As many of you know, we've been launching 20 regional sites in 20 days throughout June. This week is the final week and we only have three more sites to go. Last week we launched SB Nation Tampa Bay and leading that site is one of the few new bloggers we've added to our ranks in that process and that's Gregg Burrage. I thought it would be a good idea for you to get to know the newest member of our SB Nation family, so without further ado, let's get to know Gregg Burrage.Tyler Bleszinski: Tell me how you came to be involved at SB Nation.
Gregg Burrage: John Fontana, the editor of Raw Charge is a good friend of mine. He turned me on to SB Nation, and recommended me for the Regional hub editor position.
Bleszinski: You're going to be running the Tampa Bay regional site for SB Nation. Tell me about what you want that site to be like.
Gregg Burrage: I want the site to be a fun place for the casual sports fan to keep caught up on their favorite teams and sports in the area. We don't plan to inundate with statistics, but do want to make sure we have the latest news up in a timely fashion. We also plan a heavy emphasis on more of the sideline aspects - what the fans are doing, off-the-field stories, athletes in social media, and that sort of thing.
Bleszinski: Have you been a Tampa sports fan your whole life?
Gregg Burrage: I began following the Buccaneers in the mid-80s, and they were terrible. But, it was easy to get tickets. In fact, I've been with that team so long, my season tickets are in the front row. I also followed the Rowdies a bit, as well as the Tampa Bay Bandits of the USFL. The hockey team came along in the early 90s, and I had season tickets for them for a while, too. I went to the Devil Rays' first game, and get to a dozen of those games a year.
Bleszinski: How would you describe the sports scene in Tampa?
Gregg Burrage: Sports is huge here. But more participate in it, rather than observe. People here run competitively, join local sports team leagues, go fishing for sport, engage in water sports, skateboard, and much, much, more. Since there is no real winter, there is no off-season to keep us from going outside and doing stuff.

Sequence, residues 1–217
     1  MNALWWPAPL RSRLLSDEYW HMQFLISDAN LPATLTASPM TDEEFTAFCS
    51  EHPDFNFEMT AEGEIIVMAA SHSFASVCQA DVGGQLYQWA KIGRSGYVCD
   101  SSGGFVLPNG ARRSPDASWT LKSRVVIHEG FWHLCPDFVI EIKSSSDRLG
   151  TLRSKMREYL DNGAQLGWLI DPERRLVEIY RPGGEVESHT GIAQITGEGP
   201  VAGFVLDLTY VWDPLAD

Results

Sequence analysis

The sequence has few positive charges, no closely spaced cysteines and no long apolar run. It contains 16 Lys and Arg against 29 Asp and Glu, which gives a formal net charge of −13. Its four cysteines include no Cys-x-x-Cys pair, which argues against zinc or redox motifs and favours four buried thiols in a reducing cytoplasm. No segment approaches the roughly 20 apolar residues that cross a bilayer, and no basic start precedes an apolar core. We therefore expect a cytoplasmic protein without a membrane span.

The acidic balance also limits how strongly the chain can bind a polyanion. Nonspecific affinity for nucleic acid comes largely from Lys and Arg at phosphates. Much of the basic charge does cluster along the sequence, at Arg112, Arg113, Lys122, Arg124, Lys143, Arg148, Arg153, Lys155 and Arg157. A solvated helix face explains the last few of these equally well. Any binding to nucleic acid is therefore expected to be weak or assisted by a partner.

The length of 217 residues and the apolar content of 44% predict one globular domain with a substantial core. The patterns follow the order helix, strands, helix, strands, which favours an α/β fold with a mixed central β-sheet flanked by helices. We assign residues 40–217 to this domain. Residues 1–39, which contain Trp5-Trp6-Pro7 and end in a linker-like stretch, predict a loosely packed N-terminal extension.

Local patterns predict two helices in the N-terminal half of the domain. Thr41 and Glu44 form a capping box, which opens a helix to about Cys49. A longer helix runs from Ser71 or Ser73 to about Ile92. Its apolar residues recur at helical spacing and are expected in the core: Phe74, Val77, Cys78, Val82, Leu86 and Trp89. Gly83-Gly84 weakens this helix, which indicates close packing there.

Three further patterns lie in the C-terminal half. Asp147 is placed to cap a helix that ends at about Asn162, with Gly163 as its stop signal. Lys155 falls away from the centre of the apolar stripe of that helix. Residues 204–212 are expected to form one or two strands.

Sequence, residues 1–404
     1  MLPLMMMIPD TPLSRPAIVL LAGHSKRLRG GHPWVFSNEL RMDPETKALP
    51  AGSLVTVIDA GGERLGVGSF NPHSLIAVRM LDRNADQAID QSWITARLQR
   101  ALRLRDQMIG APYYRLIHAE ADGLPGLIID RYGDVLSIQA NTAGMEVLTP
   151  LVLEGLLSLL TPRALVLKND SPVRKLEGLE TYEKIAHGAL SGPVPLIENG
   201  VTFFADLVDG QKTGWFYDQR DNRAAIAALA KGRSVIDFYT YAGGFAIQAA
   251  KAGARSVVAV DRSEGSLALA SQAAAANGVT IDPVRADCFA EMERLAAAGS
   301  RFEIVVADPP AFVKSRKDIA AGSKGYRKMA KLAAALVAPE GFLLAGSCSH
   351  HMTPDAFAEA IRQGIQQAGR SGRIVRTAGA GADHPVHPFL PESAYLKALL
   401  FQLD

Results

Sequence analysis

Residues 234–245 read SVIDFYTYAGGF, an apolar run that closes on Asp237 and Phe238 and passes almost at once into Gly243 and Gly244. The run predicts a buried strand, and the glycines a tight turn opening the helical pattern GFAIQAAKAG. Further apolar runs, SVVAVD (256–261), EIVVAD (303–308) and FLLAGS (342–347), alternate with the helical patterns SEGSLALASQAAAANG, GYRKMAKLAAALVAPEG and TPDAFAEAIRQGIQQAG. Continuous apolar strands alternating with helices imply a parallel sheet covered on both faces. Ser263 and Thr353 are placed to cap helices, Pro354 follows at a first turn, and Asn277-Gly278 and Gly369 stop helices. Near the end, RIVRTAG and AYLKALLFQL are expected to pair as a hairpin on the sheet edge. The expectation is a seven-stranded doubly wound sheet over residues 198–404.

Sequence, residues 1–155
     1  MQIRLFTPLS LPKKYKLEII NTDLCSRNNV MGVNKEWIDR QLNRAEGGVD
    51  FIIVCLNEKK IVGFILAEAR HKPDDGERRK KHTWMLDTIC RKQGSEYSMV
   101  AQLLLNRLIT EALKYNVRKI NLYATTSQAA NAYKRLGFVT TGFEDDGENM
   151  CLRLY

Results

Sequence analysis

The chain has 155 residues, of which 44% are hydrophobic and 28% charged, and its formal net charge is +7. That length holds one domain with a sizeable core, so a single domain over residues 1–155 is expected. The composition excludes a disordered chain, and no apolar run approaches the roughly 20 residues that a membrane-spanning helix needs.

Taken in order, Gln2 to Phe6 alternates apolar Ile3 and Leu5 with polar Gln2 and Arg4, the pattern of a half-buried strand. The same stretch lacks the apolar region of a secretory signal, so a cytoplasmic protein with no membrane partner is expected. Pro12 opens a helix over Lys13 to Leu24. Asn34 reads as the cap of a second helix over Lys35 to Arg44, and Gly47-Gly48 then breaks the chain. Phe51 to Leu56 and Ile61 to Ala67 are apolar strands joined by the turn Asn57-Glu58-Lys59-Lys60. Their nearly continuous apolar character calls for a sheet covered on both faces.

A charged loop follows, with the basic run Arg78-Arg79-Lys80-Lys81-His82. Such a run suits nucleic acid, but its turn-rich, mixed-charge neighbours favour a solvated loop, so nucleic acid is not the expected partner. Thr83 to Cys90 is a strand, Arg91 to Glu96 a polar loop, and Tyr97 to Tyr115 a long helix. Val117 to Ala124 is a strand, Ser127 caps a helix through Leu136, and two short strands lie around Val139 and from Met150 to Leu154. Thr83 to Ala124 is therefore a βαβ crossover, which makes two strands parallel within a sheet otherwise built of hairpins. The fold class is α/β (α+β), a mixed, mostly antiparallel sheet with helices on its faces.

Bleszinski: What's your favorite Tampa team and why?
Gregg Burrage: Like many folks around here, I like the Bucs. I've had the chance to root for them the longest, and suffered with them through some terrible seasons of football. I had to defend and stick by that team in response to newcomers from Chicago, New England, Michigan, and other places, where the Bucs were the butt of jokes. I was finally vindicated in 2002. Of course, now we're back to being pretty bad - I just hope it doesn't last 20 years again.
By the way, I want to point out that I do like all the local sports teams, and root for them without exception. They just have not been around as long, and both have achieved greater success in a shorter period of time.
Bleszinski: The Bucs and Lightning have both brought championships to the area. When will the Rays join that group?
Gregg Burrage: In 2010. And beyond, if we can work out this stadium thing.
Bleszinski: Despite the Bucs and Lightning winning championships, it seems like teams in Tampa have a hard time drawing huge crowds. Why do you think that is? Or am I totally off base not being from the area?
Gregg Burrage: I don't think you are off-base. And in fact, this is going to be a subject we will soon discuss in depth on SB Nation Tampa Bay. But for the quick and dirty, I see three main reasons:
There are so many things to do in the Tampa Bay area, that it is difficult for any single entertainment choice to sustain attention. For sports teams, the exception is when they are winning. I mentioned earlier that Bucs tickets were easy to come by when they were going 2-14, but by 1997, the stadium was THEE place to be seen.
Also, Tampa Bay is a melting pot. When people want a big change, they often choose to move to Florida. There are pockets of dedicated fans for each of the local teams here, but because many folks here are from somewhere else, they hold on to their allegiences tightly. You can tell by the crowds that show up at local bars that cater to specific out-of-town teams.
Further, there is not any long-standing tradition passed down through generations. The Buccaneers have the market on longevity, and they've only been here for 32 years. The kids who first began going to Bucs games in the late 70s, their children are now about to get married and have the originals' grandchildren, so it's beginning for them. The Lightning is only 18 years old, and the Rays are not even in their teens yet.
There is a bit more to it, but I believe those three contribute significantly to the lack of attendance at pro sports venues here.
Bleszinski: What's your all-time favorite Tampa sports moment?
Gregg Burrage: Tough question - will make a good Power Ranking, too. Some would say when the Bucs beat the Raiders in the Super Bowl. I'd say that when the Bucs beat Philadelphia in the 2002 NFC Championship, that was pretty good. Any of the 4 Super Bowls we hosted might be up there. Lightning winning the Stanley Cup, or the parade afterward - those were good, too. We've had the Final Four here, an NHL All-Star game,
Bleszinski: Who is your all-time favorite Tampa athlete?
Gregg Burrage: Lee Roy Selmon, followed closely by Warren Sapp.
Bleszinski: Finally, tell me something about yourself that people might not expect or might surprise people.
Gregg Burrage: I sing in a rock 'n' roll band on the weekends. Check us out at the Proud Lion Pub http://www.proudlionpub.com/ sometime.
Bleszinski: Thanks so much, we're thrilled to have you as a part of the network and look forward to the great success of SB Nation Tampa Bay.